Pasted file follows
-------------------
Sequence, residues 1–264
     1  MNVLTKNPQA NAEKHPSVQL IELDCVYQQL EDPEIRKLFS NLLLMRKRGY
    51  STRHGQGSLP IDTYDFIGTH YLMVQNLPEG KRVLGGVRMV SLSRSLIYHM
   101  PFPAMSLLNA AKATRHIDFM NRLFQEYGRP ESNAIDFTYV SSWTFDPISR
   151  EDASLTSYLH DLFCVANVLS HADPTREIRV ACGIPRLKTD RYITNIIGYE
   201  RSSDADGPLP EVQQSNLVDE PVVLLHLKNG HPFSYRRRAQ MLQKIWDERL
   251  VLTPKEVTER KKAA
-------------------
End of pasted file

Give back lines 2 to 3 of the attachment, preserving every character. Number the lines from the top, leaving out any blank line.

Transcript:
     1  MNVLTKNPQA NAEKHPSVQL IELDCVYQQL EDPEIRKLFS NLLLMRKRGY
    51  STRHGQGSLP IDTYDFIGTH YLMVQNLPEG KRVLGGVRMV SLSRSLIYHM